New Jersey Employees’ Sick Leave Rights Have Recently Expanded

Many sick employees are currently protected from adverse employment treatment under the federally-mandated Family and Medical Leave Act (“FMLA”). Under the FMLA, an employee working for a covered employer may take up to 12 workweeks of unpaid leave each year with no threat of job loss if that employee is suffering from a serious health condition which renders him unable to perform his job. All public agencies are covered employers. However, the FMLA only applies to private employers who employed 50 or more employees for at least 20 workweeks during either the current or previous year.

But on October 29, 2018, New Jersey enacted New Jersey Earned Sick Leave Law (“ESL”). Standing in stark contrast to the FMLA, the ESL covers all New Jersey employers regardless of the business’s size. Thus, before the ESL’s recent enactment, an employee who worked for a private employer employing less than 50 employees would be ineligible from employment protections afforded to employees working for an employer with more than 50 employees. With the ESL’s enactment, this disparity stopped.

In addition to effectively expanding the FMLA, the ESL essentially expands an already-existing New Jersey-specific Act. The New Jersey Family Leave Act (“FLA”) was put into place to protect employees requiring leave to care for a family member. The FLA initially provided for unpaid leave and was enacted to enable an employee to care for another only, and not his own self. Eventually the FLA was expanded to mandate paid leave for employees, but has never been expanded to cover caring for the employee’s own self. With the ESL, however, this gap has been filled.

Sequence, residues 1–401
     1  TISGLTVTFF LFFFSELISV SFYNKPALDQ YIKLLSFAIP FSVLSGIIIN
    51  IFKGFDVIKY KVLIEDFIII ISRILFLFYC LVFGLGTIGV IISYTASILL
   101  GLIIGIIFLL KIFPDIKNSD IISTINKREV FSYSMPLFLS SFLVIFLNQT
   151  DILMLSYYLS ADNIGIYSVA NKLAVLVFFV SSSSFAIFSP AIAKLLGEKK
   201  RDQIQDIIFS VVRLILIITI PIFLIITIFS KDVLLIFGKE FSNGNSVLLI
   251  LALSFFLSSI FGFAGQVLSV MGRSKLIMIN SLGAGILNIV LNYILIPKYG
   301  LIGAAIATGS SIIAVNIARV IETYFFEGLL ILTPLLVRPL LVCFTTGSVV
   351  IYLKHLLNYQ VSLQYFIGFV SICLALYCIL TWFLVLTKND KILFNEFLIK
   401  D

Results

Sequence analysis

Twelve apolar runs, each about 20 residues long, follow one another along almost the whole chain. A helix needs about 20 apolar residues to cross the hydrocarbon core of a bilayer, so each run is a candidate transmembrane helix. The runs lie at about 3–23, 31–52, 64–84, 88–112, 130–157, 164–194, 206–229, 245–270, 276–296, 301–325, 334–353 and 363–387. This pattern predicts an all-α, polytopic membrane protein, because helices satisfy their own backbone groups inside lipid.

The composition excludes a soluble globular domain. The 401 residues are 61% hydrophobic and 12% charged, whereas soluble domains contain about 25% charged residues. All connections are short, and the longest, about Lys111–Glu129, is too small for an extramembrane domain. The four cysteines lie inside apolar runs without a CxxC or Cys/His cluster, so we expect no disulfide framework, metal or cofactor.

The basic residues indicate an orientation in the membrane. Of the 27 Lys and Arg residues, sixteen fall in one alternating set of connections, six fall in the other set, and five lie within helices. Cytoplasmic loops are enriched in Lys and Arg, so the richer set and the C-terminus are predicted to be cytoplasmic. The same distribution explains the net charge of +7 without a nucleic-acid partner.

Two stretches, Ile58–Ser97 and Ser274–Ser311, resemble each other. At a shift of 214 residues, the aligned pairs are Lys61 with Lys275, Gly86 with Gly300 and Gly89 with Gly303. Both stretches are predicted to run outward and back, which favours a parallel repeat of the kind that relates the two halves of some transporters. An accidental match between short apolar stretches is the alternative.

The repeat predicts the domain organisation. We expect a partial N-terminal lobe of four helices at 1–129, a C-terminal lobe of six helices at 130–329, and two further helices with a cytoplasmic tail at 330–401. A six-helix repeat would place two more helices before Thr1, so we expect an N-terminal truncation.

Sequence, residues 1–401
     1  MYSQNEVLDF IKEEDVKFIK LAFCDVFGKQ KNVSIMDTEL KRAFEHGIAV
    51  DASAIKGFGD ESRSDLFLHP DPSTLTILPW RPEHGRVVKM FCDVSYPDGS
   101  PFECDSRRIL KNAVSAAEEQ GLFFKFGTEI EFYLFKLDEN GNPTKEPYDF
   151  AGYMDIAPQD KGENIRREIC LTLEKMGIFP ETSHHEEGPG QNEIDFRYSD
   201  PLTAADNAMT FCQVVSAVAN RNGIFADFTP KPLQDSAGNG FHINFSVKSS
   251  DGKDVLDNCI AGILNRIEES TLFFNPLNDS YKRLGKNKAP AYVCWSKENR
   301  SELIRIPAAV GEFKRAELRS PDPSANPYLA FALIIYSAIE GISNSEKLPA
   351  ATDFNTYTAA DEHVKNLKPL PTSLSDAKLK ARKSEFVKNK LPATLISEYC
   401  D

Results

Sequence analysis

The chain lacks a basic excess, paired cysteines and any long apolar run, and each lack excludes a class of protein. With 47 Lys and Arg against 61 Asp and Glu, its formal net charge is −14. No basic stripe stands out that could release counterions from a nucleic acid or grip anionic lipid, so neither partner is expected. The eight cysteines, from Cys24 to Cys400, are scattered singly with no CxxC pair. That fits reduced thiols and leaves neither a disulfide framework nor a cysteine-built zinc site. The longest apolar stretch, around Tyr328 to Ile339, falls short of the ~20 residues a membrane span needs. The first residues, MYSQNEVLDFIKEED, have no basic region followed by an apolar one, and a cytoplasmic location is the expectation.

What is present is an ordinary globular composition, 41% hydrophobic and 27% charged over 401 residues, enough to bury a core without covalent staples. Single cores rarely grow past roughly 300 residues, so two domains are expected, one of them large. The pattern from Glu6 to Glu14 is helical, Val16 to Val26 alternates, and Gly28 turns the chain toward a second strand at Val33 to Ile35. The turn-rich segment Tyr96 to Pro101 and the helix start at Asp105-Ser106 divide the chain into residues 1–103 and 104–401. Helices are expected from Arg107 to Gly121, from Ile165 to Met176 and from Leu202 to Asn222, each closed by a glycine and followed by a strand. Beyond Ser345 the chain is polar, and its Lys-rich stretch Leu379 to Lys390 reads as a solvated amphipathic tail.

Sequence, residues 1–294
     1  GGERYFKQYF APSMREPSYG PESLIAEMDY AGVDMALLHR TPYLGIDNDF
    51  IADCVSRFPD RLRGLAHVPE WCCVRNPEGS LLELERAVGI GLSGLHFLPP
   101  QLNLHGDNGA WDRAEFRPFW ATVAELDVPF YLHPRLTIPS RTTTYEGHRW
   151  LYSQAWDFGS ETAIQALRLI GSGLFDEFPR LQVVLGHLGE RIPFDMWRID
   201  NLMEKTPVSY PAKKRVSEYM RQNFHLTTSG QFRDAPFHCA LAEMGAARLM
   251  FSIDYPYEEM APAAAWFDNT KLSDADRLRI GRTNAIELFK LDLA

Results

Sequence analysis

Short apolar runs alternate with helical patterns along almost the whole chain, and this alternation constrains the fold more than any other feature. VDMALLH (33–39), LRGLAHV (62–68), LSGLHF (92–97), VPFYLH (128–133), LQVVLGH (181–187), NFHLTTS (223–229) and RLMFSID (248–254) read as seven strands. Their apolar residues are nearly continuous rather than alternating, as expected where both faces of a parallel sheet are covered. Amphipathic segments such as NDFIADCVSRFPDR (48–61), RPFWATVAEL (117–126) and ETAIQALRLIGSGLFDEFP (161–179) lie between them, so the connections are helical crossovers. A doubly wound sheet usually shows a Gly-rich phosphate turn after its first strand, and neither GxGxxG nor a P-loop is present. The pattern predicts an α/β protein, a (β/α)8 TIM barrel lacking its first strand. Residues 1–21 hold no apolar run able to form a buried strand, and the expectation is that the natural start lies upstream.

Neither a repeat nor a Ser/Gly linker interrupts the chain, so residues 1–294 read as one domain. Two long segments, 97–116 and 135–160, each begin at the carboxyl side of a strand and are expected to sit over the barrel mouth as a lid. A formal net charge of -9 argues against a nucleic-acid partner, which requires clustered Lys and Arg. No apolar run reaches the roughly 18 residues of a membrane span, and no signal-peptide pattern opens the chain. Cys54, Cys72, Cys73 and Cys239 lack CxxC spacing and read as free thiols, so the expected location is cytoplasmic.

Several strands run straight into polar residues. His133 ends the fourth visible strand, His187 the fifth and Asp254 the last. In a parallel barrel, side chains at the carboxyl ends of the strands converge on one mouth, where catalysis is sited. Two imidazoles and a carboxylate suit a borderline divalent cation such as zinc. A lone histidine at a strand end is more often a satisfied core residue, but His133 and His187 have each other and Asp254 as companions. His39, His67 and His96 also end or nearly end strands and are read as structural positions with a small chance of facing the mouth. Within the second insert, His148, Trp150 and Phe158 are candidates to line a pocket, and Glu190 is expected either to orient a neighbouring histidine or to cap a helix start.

The ESL mandates that employees, whether full- or part-time, may take up to 40 hours of fully-paid sick leave each year. Similar to the FMLA’s qualifying events, the ESL’s qualifying events include caring for their own, or a family member’s, physical or mental health or injury. Moreover, the ESL allows employees to take time off to address domestic or sexual violence against themselves or a family member, to attend a child’s school-related meeting, and to pick-up a child from an emergency school or daycare closing. Similar to other New Jersey legislature aimed at employee protection, the ESL broadly defines “family member.” And similar to the FMLA, an employer can require advance notice prior to the date leave is to begin if the employee’s leave is readily foreseeable.

Employees accrue one hour of ESL per every 30 hours worked. ESL for existing employees can be used beginning February 26, 2019. Employees hired after the ESL’s October 29, 2018 enactment date can begin using ESL hours 120 days after the employee begins employment.

Per diem health-care employees, construction employees already governed by a collective bargaining agreement, and public employees who already received sick leave with full pay pursuant to any other law (such as the FMLA) are ineligible from the ESL’s protections.

If you previously thought you were without legal protection afforded to employees in larger businesses, your rights have changed. Your employer is obligated to provide you with these protections, without any interference or retaliation.